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Cost-effectiveness of preventing hip fractures by hip protectors in elderly institutionalized residents in Germany.


Objective To determine the long-term cost-effectiveness of hip protector use in the prevention of hip fractures in elderly institutionalized residents in Germany compared to no prevention.

Methods A lifetime Markov decision model was developed using published data on costs and health outcomes. A societal and statutory health insurance perspective was adopted.

Results From a societal/statutory health insurance perspective, use of hip protectors yields savings of 315 EURO/257 EURO and a gain of 0.13 quality-adjusted life years per person over lifetime.

Conclusion Hip protector use in elderly institutionalised residents in Germany is highly cost-effective.


Health promotion interventions


Background Public sector austerity measures in many high-income countries mean that public health budgets are reducing year on year. To help inform the potential impact of these proposed disinvestments in public health, we set out to determine the return on investment (ROI) from a range of existing public health interventions.

Methods We conducted systematic searches on all relevant databases (including MEDLINE; EMBASE; CINAHL; AMED; PubMed, Cochrane and Scopus) to identify studies that calculated a ROI or cost-benefit ratio (CBR) for public health interventions in high-income countries.

Results We identified 2957 titles, and included 52 studies. The median ROI for public health interventions was 14.3 to 1, and median CBR was 8.3. The median ROI for all 29 local public health interventions was 4.1 to 1, and median CBR was 10.3. Even larger benefits were reported in 28 studies analysing nationwide public health interventions; the median ROI was 27.2, and median CBR was 17.5.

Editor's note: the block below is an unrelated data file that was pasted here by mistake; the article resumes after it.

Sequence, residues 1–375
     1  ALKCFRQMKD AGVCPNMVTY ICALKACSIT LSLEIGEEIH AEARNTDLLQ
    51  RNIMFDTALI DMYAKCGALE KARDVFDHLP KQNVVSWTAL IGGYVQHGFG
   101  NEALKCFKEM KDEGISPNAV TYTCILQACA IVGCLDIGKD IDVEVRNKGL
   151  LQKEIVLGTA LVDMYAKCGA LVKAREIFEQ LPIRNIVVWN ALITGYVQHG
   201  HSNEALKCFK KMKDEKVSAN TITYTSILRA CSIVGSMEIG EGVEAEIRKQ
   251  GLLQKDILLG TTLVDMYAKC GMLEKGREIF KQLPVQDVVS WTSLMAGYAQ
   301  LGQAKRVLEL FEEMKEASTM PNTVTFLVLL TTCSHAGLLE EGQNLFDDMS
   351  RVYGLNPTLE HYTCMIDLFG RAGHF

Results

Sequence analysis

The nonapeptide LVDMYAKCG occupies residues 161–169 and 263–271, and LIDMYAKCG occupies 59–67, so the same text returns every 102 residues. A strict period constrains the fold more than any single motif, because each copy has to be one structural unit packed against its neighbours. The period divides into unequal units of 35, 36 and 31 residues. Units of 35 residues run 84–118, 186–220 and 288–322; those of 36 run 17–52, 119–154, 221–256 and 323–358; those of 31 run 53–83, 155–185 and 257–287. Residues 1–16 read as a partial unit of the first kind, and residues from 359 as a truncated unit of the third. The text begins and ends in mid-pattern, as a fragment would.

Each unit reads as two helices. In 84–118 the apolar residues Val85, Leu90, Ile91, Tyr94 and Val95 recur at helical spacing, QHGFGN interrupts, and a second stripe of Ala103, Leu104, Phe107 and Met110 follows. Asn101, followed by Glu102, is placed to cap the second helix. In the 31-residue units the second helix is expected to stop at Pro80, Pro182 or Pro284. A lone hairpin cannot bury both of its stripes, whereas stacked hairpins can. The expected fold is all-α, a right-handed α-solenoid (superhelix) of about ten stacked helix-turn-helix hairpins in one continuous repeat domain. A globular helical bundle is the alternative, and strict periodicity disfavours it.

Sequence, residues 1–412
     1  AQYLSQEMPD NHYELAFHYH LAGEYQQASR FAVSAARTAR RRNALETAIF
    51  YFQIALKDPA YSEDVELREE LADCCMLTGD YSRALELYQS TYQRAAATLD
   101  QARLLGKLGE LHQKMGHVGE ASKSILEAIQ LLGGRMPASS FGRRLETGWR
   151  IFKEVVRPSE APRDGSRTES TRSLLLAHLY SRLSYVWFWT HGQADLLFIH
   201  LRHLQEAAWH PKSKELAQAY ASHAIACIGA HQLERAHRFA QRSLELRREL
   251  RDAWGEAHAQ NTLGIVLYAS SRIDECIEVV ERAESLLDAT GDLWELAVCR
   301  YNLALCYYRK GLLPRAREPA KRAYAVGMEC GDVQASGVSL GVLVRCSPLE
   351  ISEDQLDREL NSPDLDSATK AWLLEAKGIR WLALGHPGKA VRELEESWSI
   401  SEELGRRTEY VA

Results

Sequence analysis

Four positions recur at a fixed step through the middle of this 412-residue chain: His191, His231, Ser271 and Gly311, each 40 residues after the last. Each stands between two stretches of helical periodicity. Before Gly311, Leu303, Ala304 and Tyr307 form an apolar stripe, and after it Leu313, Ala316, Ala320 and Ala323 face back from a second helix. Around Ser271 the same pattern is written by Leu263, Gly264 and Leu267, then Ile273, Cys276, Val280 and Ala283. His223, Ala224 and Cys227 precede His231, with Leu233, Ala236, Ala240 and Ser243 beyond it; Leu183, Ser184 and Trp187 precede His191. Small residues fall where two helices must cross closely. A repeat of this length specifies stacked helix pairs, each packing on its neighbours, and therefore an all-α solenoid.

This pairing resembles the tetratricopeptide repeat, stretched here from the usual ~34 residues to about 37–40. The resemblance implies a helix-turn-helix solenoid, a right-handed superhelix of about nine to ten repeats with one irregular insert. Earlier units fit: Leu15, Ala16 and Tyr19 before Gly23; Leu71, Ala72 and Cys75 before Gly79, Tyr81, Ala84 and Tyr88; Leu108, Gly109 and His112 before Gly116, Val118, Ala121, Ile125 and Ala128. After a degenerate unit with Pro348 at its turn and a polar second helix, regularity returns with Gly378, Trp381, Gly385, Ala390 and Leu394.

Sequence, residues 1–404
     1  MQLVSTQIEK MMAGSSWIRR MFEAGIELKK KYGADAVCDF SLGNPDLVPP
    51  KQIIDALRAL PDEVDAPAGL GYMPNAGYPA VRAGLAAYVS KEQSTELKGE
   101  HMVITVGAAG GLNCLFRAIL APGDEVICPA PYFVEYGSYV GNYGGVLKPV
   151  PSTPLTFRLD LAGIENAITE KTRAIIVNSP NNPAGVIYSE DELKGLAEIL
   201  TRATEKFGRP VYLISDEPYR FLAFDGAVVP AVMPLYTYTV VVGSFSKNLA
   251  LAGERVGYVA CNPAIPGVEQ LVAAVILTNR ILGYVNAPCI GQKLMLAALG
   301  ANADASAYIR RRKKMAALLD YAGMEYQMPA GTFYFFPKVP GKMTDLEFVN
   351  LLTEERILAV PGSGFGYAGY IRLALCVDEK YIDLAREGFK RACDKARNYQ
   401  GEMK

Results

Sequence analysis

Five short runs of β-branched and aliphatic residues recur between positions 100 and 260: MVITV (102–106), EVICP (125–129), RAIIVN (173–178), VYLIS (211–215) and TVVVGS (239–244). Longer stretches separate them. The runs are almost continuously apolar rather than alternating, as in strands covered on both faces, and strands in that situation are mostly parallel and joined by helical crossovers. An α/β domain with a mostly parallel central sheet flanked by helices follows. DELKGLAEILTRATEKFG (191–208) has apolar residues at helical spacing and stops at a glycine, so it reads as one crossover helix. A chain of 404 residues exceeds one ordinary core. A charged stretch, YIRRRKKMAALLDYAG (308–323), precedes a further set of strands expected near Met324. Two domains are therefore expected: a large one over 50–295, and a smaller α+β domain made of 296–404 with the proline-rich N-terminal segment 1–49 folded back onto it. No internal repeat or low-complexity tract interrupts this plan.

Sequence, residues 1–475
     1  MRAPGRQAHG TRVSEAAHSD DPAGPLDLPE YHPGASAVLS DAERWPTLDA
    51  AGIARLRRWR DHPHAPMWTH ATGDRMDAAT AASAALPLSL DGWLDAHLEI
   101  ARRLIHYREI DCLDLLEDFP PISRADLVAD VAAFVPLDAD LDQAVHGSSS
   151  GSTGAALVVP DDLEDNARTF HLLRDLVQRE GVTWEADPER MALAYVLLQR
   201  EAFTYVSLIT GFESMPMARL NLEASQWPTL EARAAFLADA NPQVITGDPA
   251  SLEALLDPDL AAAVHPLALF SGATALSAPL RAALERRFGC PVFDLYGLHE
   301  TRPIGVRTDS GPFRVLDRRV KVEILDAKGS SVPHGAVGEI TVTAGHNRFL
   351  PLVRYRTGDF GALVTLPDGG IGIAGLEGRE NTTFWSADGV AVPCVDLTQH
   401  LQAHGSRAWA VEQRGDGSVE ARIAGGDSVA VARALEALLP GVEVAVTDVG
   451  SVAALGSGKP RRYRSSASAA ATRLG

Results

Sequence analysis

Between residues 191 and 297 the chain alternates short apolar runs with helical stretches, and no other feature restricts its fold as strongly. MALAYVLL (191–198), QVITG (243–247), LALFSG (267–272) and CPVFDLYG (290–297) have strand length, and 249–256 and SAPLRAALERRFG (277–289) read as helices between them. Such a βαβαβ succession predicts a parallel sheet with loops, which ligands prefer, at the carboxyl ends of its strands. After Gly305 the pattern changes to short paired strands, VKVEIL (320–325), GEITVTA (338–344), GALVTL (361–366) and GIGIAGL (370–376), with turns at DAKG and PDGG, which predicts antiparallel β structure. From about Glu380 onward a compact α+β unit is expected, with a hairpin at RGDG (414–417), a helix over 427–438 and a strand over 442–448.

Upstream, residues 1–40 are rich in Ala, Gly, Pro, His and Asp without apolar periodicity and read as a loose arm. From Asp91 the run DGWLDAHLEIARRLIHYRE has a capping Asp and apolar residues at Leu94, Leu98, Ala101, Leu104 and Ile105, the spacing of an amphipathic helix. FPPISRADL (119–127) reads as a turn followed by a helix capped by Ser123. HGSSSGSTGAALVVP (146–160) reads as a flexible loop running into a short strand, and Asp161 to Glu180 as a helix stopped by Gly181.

Conclusions This systematic review suggests that local and national public health interventions are highly cost-saving. Cuts to public health budgets in high income countries therefore represent a false economy, and are likely to generate billions of pounds of additional costs to health services and the wider economy.

Health promotion interventions
Interventions aimed at reducing rates of falls are able to show one of the swiftest returns on investment of any of the public health interventions identified within this study, with a CBR of 20.6 returned within 18 months. Falls prevention interventions by their nature are relatively low cost, and yet their potential impact on demand management for hospital services is clearly demonstrated. Shifting investment from secondary care for the treatment of falls to primary prevention would show significant and swift returns on investment.

..... Furthermore, some are very rapid: falls prevention interventions reported substantial returns within 6–12 months. Beard J, Rowell D, Scott D, et al. Economic analysis of a community-based falls prevention program. J R Inst Public Health 2006;120:742–51.



What Our Users Are Saying..

Bernadette Taylor
2016-04-26, 10:45
Dear William,

The hip protectors are great and we like the new material in the underpants.

Thanks again, Bernadette
Geoffrey Hampden-Smith
2016-04-26, 10:39
Dear William. Your package arrived very promptly several days ago. Thank you very much. I am wearing the hip protectors while recuperating from a fall - with the prognosis of a month on crutches. They are very, very comfortable and not noticeable under my track suit. Wearing the pants with the protectors gives me the confidence to do more on crutches and I am hoping that this this will accelerate my re-habilitation.

I am 67 years old and still work in a boatyard. I just wish I was aware of … read more